My reaction to Joker wasn’t at all what I expected. Ever since the film’s premiere at the Venice Film Festival, I’d been assured that there are only two schools of thought here: it’s either a masterpiece for the ages or a flat-out danger to society. The first was bolstered by the fact it won Venice’s highest prize, the Golden Lion, and has since earned its fair share of awards buzz. The second was made concrete by plans for an increased police presence at US cinemas on opening weekend, due to vague and entirely unconfirmed threats of violence.
Yet I found it hard to be provoked either way. The film simply doesn’t seem smart enough to earn such extreme reactions. Todd Phillips, Joker’s director and co-writer, may have aimed for a radical rewriting of the iconic Batman villain’s origins, but what he cooked up was a bunch of derivative half-concepts shot with a Scorsese tinge and the prestige of one of Phoenix’s full-throated, committed performances.
The Joker, otherwise known as Arthur Fleck, is depicted as an initially innocent but deeply delusional and mentally ill man, who’s repeatedly kicked while he’s down. Nobody cares about the wannabe stand-up comedian who dresses as a clown for a living and still lives with his mother. He reaches a breaking point and, next thing you know, he’s gone full supervillain. While Arthur’s interested only in revenge against those who’ve been cruel to him, Gotham’s impoverished and oppressed population increasingly interpret his actions as a revolt against the 1 per cent, meaning the film has echoes of Bane’s storyline from The Dark Knight Rises. There are nods, too, to classics such as Taxi Driver, A Clockwork Orange, and Psycho – a busy mishmash of influences that hopes to distract you from the fact it has nothing of its own to say. That is, outside of the sincere conviction that there’s something profound in the line: “I used to think my life was a tragedy. But now I realise, it’s a comedy”.
Clearly, the film’s many glowing reviews confirm that others see much more in it than I do. And yet, I had just as much trouble pinpointing where all these accusations that Joker is an “incel manifesto” come from. To accuse it of such fundamentally misunderstands the threat these people pose on society. The term, which stands for “involuntary celibate”, is commonly used to describe men who see themselves as fundamentally entitled to sex, and view violence as an acceptable form of revenge against those who would block their access to it. It’s garden variety misogyny, but with an intensity and a bitterness that is deeply terrifying, having been established as the motivation behind at least four mass murders.
But none of this ideology is actually present in Joker, since his rage is unconnected with any desire for sexual dominance. He’s infatuated with one of his neighbours (played by Zazie Beetz) and certainly has a creepy way of trying to pursue her, but the film is careful not to suggest that he has violent thoughts about her. Joker doesn’t have Arthur make any real statement beyond “everybody is awful these days”, which is a pretty toothless idea on the whole.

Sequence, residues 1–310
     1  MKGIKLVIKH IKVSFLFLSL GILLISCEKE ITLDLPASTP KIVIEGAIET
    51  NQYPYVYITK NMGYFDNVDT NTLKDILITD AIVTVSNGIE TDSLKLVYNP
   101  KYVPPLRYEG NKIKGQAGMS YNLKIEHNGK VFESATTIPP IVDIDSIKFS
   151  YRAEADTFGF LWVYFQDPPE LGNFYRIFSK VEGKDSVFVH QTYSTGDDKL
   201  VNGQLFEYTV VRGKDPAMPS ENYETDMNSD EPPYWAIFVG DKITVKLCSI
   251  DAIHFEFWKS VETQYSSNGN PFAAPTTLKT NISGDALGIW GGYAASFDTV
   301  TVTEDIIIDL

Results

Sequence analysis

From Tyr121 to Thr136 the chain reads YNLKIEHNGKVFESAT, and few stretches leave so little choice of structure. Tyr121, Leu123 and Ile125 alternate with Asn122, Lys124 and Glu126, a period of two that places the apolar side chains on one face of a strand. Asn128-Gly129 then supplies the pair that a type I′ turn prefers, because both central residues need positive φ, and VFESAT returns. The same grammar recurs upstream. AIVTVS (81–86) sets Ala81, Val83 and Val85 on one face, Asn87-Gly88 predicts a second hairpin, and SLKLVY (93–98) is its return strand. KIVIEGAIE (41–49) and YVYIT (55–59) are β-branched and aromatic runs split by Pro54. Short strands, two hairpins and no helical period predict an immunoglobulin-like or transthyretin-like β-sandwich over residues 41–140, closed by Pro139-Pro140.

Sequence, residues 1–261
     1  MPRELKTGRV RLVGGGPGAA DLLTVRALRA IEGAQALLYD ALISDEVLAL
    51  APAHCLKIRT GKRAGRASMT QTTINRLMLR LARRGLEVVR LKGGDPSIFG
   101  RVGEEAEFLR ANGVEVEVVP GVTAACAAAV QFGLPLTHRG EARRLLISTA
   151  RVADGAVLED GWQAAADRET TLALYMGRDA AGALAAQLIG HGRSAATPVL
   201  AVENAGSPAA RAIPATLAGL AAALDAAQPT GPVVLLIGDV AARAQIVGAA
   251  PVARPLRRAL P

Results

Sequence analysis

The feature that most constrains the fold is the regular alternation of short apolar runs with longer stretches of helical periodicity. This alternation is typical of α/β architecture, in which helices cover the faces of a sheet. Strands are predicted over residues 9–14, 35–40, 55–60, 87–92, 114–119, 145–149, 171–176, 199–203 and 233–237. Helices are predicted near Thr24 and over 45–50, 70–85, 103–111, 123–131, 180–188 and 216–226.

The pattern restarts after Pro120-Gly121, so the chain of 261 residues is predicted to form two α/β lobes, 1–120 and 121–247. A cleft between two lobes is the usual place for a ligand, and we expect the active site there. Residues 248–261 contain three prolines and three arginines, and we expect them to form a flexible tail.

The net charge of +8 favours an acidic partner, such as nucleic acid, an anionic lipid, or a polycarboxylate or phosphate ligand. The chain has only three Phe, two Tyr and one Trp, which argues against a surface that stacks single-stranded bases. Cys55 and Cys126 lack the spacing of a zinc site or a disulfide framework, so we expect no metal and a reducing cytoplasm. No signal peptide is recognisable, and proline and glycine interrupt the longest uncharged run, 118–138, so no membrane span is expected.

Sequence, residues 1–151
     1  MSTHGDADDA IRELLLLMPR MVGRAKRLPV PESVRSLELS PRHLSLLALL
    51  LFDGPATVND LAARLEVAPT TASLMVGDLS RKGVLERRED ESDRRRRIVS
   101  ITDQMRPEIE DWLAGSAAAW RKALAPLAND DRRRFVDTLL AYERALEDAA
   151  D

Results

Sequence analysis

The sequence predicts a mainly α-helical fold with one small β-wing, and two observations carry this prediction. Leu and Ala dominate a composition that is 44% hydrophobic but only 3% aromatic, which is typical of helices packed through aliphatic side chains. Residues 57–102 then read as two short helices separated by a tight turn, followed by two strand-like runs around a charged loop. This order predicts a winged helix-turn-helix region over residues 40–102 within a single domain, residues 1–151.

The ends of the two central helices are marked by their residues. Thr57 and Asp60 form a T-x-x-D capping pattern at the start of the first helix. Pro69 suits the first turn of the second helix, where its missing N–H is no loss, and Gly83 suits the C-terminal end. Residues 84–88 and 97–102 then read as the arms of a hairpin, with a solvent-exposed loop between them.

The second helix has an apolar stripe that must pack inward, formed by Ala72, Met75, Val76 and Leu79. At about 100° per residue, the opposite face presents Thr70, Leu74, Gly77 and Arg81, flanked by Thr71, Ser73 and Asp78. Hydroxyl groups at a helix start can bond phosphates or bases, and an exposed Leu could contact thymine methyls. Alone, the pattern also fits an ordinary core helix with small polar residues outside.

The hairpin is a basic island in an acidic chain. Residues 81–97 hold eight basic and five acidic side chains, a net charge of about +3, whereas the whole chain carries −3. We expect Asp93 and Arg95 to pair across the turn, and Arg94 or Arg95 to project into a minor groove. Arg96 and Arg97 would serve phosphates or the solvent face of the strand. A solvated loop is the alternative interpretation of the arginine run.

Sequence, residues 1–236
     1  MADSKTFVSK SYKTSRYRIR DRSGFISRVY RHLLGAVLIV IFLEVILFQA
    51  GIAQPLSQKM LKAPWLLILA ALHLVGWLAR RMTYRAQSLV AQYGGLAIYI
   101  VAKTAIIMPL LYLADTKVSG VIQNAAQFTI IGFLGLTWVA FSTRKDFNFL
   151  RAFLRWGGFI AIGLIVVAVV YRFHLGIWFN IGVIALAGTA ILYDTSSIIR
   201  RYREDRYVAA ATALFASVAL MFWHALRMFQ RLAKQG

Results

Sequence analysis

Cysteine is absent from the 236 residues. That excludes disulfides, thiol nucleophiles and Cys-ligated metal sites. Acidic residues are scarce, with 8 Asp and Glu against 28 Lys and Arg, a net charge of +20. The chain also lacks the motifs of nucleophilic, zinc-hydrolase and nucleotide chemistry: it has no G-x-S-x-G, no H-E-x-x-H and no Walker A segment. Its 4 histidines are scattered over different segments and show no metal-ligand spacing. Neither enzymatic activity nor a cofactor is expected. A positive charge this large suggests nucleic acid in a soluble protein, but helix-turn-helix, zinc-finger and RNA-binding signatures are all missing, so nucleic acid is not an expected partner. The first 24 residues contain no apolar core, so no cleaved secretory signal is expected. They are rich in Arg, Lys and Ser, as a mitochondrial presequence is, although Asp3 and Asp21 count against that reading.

The most alarming aspect of the film, in fact, is how it wheels out the age-old, deeply insulting idea that mentally ill people are just one missed prescription away from mass murder (as people have to be reminded every time this is mentioned in the gun control debate, a mentally ill person is much more of a danger to themselves than to anyone else). Even those who had the most right to protest this film’s release – the families of victims of 2012’s Aurora shooting, which took place at a showing of The Dark Knight Rises – released a joint letter that voiced their concerns to Warner Bros, but asked only that the studio uses its immense platform to advocate for gun control (it’s worth noting that the widely circulated rumour that the killer was inspired by the Joker has since been proven false).
Joker is a perfect example of how easily we can lose control of certain narratives. A handful of reactions to the film’s Venice Film Festival premiere mentioned how it could potentially be co-opted by incels and their ilk, but not in any way that felt particularly alarmist about it. Yet the word was immediately zeroed in on and picked up by largely well-meaning people who hadn’t actually seen the film, but who still echoed and amplified the notion until it became “that incel movie”. It’s a direct symptom of our internet habits: a day spent scrolling through social media forces our brains to process an incredible amount of information. Inevitably, it’s always the boldest words and ideas that stick out.
The truth is, incels and right-wing trolls were drawing from the Joker – in their memes, their profile pictures, or by using his quotes – long before Phoenix ever stepped into his shoes. The fact he’s now been given a backstory that partially humanises him is hardly going to have much more of an impact. He’s edgy and anarchic – they didn’t really need an excuse to adopt him as their own.
There’s certainly a conversation to be had about what we do when characters have been appropriated in ways that wilfully misinterpret their meaning (the same way certain men fixate over Fight Club or The Wolf of Wall Street in all the wrong ways). Maybe that’s the conversation we should be having about Joker, but it feels too late for that now.
Joker is out now
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